This was originally posted at: http://blogs.egu.eu/palaeoblog/?p=1008
Dinosaur skeletons are a thing of pure beauty. Being able to see and touch something that has been dead for millions of years instills a sense of wonder; what did they look like, how did they behave, were they like anything we see today? Palaeontology is a science that raises more questions than it answers, but these questions are the ones that drive the science, but also maintain that sense of fascination that no other scientific field can lay claim to.
Every now and then, we are blessed with a true jewel. Many can lay claims to the discovery of a dinosaur bone, even fewer to that of a whole skeleton. Celebrity status is achieved when one finds something that truly stands out, a dinosaur preserved in immortality with flesh, and these are the rarest of all.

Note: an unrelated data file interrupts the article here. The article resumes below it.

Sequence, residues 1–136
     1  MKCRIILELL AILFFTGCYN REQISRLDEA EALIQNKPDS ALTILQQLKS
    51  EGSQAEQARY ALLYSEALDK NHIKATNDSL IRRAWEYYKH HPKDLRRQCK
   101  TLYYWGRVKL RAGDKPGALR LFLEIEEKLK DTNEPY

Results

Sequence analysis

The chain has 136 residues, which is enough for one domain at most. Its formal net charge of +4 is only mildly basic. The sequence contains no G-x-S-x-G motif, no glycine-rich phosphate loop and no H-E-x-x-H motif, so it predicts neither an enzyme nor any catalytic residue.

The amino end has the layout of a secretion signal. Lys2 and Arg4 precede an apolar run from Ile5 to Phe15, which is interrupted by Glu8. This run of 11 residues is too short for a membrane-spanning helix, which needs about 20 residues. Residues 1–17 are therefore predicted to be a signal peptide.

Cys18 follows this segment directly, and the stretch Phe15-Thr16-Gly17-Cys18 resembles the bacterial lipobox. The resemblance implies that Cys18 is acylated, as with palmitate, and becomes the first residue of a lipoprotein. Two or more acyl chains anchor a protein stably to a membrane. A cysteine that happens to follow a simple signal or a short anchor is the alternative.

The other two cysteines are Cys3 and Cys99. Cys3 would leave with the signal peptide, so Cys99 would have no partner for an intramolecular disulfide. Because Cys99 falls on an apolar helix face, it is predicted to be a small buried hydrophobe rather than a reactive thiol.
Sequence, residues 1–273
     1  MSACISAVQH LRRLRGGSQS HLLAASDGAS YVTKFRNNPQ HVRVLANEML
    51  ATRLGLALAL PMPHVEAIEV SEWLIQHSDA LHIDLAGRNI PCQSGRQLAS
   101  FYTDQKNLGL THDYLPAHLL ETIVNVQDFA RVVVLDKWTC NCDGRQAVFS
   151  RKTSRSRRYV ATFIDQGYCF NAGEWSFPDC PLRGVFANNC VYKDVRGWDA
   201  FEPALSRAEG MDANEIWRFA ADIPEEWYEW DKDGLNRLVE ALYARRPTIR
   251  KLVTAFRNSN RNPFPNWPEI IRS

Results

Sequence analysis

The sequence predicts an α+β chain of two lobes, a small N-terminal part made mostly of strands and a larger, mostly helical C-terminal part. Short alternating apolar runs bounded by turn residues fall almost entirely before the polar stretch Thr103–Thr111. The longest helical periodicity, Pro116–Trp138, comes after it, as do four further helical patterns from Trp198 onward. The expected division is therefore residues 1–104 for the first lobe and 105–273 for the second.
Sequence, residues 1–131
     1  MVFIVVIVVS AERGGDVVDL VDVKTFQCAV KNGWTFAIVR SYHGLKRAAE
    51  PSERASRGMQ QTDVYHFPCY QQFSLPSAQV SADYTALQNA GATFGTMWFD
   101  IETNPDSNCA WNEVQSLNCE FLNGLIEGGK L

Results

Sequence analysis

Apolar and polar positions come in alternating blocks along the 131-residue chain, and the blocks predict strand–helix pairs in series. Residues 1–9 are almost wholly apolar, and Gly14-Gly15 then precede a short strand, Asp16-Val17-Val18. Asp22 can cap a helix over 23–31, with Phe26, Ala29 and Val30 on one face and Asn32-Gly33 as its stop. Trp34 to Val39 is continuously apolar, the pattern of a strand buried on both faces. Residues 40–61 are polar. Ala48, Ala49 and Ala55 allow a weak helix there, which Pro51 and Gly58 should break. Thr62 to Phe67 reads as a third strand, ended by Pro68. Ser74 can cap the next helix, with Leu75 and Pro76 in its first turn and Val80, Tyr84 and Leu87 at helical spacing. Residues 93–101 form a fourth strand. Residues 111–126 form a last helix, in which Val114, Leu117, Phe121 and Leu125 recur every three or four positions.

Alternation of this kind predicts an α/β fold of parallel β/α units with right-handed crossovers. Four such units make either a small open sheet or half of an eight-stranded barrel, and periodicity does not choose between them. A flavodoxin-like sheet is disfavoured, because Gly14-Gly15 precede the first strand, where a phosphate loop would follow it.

This was originally posted at: http://blogs.egu.eu/palaeoblog/2013/02/18/its-just-a-flesh-wound/
Fossils, as we typically think about them, tell us about the death of an animal. The teeth, bones, shells, fragmented pseudopods and other weird and wonderful bits of carcass all only ever reflect one thing: a permanent geological limbo. These types of fossil are known as body fossils. The other major group of fossils, that are generally less common, less researched, less known about, but arguably more important for guiding our understanding of the history of life on Earth, are trace fossils. The study of trace fossils is called ichnology, and the fossils don’t represent death; they represent life, behaviour, activity. They can paint us a picture of a particular event in time, a scene from a play with ghosts of the actors and decayed fragments of script. We’re the audience and the directors, and we have to fill out the act, using the trace fossils draw the concluding freeze frame.
What can we tell about living dinosaurs from these multiple trackways? Source.